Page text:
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Soft Tissue Tumors

What are Soft Tissue Tumors?

Soft tissue tumors are characterized by abnormal tissue growth, which can occur in muscles and tendons, fat tissue, synovial tissue, blood vessels, lymph vessels, or peripheral nerves.

These tumors can be non-cancerous (benign) or cancerous (malignant). There are certain cancerous lesions which may become cancerous over time.

What are the symptoms of Soft Tissue Tumors?

Patients with soft tissue tumours may experience various symptoms – or no symptoms at all. Even in cancerous tumors, symptoms may not be present in the early stages. A few of the signs and symptoms of soft tissue tumours may include:

  • A lump that increases in size over time
  • Swelling and tenderness around the lesion
  • Changes in the overlying skin
  • Decreased range of motion of the joint or less functional limb
  • Fever
  • Loss of appetite or unintended loss of weight

It is advisable to get these signs and symptoms checked by a specialist orthopedic surgeon. In the best-case scenario, something turns out to be harmless and reassurance can be provided.

If there is any suspicion for something more sinister, it is best to know about it early as certain treatment options depend on early diagnosis.

How are Soft Tissue Tumors diagnosed?

Establishing the correct diagnosis is paramount in musculoskeletal oncology. If the initial diagnosis is wrong, inadequate decisions in further management of the disease and treatment will follow.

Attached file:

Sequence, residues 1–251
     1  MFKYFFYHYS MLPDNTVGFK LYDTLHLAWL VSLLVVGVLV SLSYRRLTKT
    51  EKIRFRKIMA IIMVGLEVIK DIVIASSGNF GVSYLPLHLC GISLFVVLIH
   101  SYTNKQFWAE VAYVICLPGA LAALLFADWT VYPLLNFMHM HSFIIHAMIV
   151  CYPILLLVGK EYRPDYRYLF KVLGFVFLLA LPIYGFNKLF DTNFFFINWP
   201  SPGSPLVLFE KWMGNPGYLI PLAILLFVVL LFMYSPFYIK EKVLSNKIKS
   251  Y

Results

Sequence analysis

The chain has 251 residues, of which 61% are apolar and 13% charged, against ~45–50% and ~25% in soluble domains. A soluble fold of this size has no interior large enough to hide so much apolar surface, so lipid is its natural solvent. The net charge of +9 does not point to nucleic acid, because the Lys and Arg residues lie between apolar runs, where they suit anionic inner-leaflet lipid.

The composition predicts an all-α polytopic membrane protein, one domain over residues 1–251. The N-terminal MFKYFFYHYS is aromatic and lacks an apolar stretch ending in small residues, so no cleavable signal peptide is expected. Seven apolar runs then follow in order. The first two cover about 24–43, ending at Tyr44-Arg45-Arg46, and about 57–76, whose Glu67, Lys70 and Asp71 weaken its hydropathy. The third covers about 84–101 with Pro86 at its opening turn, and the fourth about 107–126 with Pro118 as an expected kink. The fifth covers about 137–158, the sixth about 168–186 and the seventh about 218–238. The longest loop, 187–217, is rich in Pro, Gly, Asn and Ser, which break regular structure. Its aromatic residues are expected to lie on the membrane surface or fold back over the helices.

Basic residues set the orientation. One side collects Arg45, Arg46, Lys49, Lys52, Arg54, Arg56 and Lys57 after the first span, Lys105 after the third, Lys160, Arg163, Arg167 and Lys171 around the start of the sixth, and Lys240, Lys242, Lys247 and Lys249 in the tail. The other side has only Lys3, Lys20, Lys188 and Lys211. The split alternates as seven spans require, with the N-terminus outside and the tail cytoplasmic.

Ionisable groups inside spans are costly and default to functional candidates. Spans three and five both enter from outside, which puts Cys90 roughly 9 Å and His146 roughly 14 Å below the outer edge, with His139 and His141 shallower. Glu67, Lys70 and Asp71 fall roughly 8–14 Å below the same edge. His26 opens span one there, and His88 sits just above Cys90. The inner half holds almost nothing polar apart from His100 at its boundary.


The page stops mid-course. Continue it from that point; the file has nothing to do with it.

Cancers of the soft tissues (soft tissue sarcomas) are not very common. A high clinical suspicion by the healthcare professional is necessary to detect these rare malignancies.

Establishing the diagnosis might involve various steps such as:

  • Taking the patient’s medical history
  • Having a thorough physical examination
  • Using various imaging modalities
  • Blood tests
  • Taking tissue samples from the tumor (biopsy)

A few types of soft tissue sarcoma are inheritable. Your doctor will inform you if genetic counseling might be advisable.

For early detection, it is highly recommended to get an expert opinion from a specialized orthopedic surgeon with expertise and experience in orthopedic oncology.

How are Soft Tissue Tumors treated?

For non-cancerous tumors:

  • Often do not need surgery
  • Close monitoring by the orthopedic oncologist may be needed
  • Medicine may be prescribed

For cancerous tumors:

  • Interdisciplinary meetings (tumor boards) to discuss individual cases in order to offer personalized options
  • Not only treated by an orthopedic surgeon but will be attended to by doctors from various disciplines

Treatment options depend on:

  • Type and grade of the tumor
  • Size and location of the lesion
  • Extent of the tumor burden (stage)

Treatment options may include:

  • Chemotherapy
  • Radiation
  • Surgery

A combined approach of these options is often used to achieve the best-possible outcome.

Reviewed by Dr. Gurpal Singh, Consultant Orthopedic Surgeon, Centre for Orthopaedics and Hip and Knee Surgery

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